The majority of the book is about Matilda of Tuscany rather than the heroine from the prior book (Maureen.) For me, TEO promised to delve into the alleged Cathar's "Book of Love" and its contents in this second book of the trilogy. Unfortunately, very little further information is revealed on that 'lost' book. Maureen supposedly finds the book which she cannot translate due to its undecipherable language. Then she magically absorbs light from it, and it glows, and she is able to understand the contents. Weird, huh? Yet we still don't learn what the BoL contained since it's never really explained.

Other than that silliness, it was difficult to keep up with all of the flashbacks. The reader has to contantly flip back-and-forth to try to keep track of characters, time-frames and events. For me, this is just too much work since I want entertainment from a good novel! It just got too exasperating and was a very fragmented read.

I honestly could not recommend this book to anyone unless they are suffering from insomnia- this book is the perfect remedy. I'm generously giving it a 2-star since I can tell that the author worked diligently on her new novel. But overall, it reads like a cheap modern romance - not a historical novel but instead a modern story set in medieval times. If you're looking for an experience of medieval immersion, get another book. However, if you're looking for a 21st century "emotion-fest" set in 12th century clothes, this book is for you.
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13 of 17 people found the following review helpful By Tina on March 8, 2009
Format: Hardcover
I have to start off by saying that I am not usually a huge fan of this type of book as they always reminded of me of another imitation of The DaVinci Code - which is another book I could never quite figure out the fascination with.

However, I was extremely pleased to discover, upon starting the first few pages that McGowan is an excellent writer - I immediately loved her descriptions and details - especially when it came to describing all the beautiful areas of the world. She has a way of making it sound as though I am standing right there!

I think what I liked most about The Book of Love is that this book is a indeed an adventure/thriller storyline, but it also includes a vast knowledge of history (which I always enjoy). The story of Matilda of Tuscany and the Pope was fascinating to me and to think that I never even knew these people could have existed. There is, of course, a beautiful love story entertwined in this book and the adventure and pace is non-stop.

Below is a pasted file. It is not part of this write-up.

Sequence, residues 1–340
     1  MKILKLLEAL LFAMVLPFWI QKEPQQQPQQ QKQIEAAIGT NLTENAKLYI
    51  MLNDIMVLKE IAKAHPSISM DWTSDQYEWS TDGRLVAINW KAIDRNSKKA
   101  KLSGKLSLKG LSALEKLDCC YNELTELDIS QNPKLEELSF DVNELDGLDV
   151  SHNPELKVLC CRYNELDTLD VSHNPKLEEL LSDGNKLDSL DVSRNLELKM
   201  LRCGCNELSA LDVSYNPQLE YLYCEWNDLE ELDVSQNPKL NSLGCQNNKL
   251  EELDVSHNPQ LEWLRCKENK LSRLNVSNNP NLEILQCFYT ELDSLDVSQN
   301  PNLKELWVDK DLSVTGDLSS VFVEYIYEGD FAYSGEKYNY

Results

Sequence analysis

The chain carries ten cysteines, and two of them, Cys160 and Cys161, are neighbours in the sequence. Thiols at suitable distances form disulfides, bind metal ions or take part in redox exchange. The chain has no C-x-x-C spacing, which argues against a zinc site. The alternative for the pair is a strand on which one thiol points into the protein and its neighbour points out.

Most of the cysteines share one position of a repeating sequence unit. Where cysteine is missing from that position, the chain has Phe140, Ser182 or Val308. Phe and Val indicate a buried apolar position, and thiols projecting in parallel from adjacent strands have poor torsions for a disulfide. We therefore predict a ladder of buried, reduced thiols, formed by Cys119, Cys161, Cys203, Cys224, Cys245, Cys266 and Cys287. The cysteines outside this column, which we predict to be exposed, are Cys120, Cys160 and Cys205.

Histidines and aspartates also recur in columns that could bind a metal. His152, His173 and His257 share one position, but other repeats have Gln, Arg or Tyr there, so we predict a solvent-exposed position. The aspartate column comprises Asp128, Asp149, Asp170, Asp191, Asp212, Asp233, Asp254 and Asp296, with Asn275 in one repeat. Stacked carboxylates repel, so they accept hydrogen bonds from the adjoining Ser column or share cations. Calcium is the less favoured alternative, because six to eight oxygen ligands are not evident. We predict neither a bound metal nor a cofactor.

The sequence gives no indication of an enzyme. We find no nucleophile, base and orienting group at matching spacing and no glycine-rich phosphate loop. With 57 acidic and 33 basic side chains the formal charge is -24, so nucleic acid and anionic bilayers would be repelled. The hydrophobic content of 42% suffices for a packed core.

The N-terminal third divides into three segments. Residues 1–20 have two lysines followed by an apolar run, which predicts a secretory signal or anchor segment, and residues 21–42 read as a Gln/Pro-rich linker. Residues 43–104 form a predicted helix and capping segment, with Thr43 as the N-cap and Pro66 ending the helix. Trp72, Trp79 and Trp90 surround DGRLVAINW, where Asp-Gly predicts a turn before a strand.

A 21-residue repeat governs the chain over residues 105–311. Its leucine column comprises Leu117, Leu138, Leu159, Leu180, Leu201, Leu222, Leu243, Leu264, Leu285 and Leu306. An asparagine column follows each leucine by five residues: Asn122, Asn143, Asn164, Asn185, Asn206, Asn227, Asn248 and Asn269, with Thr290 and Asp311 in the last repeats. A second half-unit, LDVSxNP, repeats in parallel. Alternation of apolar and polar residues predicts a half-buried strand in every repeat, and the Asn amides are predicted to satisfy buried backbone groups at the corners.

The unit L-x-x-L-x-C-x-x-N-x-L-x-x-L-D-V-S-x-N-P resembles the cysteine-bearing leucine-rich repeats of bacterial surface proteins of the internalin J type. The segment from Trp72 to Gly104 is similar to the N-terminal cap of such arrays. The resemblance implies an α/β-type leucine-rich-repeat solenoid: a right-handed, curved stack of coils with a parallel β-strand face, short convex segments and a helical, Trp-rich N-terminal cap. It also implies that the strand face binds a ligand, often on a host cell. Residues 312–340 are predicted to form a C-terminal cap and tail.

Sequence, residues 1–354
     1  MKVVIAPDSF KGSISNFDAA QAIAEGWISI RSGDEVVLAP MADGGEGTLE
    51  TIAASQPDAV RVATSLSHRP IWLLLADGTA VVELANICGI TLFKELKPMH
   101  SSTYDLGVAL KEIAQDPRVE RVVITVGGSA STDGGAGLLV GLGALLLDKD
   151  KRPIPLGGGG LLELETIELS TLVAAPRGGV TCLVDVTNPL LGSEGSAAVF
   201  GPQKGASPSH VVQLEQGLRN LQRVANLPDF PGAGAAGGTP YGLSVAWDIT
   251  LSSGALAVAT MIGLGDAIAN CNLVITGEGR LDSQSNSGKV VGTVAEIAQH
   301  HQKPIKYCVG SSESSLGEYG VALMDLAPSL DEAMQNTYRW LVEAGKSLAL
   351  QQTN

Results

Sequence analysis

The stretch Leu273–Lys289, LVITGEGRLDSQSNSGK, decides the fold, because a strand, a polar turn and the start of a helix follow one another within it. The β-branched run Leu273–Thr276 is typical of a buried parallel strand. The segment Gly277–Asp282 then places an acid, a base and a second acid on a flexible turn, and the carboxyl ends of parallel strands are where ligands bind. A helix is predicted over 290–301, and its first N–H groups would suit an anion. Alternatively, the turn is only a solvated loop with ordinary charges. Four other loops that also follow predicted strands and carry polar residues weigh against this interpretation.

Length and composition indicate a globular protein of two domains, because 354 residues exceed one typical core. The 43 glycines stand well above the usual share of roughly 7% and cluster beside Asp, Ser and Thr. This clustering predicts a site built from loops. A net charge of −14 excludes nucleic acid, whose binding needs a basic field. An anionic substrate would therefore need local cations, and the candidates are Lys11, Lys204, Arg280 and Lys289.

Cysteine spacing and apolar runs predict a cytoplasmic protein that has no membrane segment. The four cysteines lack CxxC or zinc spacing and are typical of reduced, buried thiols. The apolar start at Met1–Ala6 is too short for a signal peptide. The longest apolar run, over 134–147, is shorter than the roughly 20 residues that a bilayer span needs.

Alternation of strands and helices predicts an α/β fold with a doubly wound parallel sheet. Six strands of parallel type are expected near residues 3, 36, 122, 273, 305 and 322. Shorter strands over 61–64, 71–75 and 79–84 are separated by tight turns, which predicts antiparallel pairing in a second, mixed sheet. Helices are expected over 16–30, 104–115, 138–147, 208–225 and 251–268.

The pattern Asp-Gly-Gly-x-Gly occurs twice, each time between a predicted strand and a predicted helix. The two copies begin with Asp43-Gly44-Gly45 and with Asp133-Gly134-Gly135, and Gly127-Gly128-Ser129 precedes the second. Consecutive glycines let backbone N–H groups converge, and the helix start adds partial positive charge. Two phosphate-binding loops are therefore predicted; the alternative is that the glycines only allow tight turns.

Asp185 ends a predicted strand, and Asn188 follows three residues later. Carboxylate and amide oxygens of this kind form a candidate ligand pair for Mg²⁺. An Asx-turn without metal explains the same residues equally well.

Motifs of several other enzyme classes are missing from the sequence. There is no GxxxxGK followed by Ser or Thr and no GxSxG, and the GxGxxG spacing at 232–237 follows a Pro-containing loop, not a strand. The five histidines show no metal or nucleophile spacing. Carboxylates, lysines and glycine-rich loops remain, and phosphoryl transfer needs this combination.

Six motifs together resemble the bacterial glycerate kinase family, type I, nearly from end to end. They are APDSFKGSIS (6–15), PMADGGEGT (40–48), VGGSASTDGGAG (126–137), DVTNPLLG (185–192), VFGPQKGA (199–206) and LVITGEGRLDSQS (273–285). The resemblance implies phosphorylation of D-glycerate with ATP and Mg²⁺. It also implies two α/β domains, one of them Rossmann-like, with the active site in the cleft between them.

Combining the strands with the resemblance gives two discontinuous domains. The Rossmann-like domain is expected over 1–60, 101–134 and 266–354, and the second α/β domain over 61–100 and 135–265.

At times, I got a little confused with all the characters - especially when the action was at its heaviest, but once I had all the players figured out, I was fine.
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33 of 45 people found the following review helpful By Hopeful Reader on March 1, 2009
Format: Hardcover
You don't have to be caught up in any controversy to enjoy this book. You just have to love a compelling plot, filled with surprising historical details, tantalizing mystery and a cool, compelling message. It's a great read no matter what you believe about Christianity.

And really, it has a soul, this book. You're just rollicking along with it and by the end, you realize you've been moved - deeply. How many pieces of pop culture manage that?
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20 of 28 people found the following review helpful By apoem TOP 1000 REVIEWERVINE VOICE on April 2, 2009
Format: Hardcover Vine Customer Review of Free Product ( What's this? )
I really enjoy reading books about conspiracy stories and alternate histories and about the Marys in Jesus' life. This looked like it would be a good combination of the three. I fully expected to enjoy this book.

The story itself was interesting. The plot was interesting. The story about the women in history; such as Matilda de Canossa, was interesting. In fact it was fascinating and left me wanting to learn more.

Here were some of the things that I think needed to be shared with others reading this book.
1. It is not a fast moving novel. It moves fairly slow. IF you have read DaVinci Code (Dan Brown); while this book is marketed and seems like it will be similar to that- it is not. This is a fairly slow moving book with much less drama. Even the climatic point of the novel seemed to be somewhat flat.

2. The book was overly melodramatic at times. This was the biggest problem I had with this book. Other reviewers have used the word cheesy. I think it is an apt discription of some of the dream sequences.

3. The other big problem I had with this book was the phrase that is repeated over and over again. Almost every third or fourth page is the phrase 'for those with ears to hear..' For me it became this hammer that kept hitting away and saying 'you don't get it because you don't have ears to hear', if you really read it, really understood this book, really believed, you would hear the truth. It became very old very quickly.

I have rated as high as I have because despite the three problems I had with this book- it is an overall interesting read with a fascinating concept behind it. It was not a complete waste of time to read this book. I simply believe it could be better written without the overly melodramatic language and the push through repitition to force you to believe, as this author does, that this is truth embodied in fiction.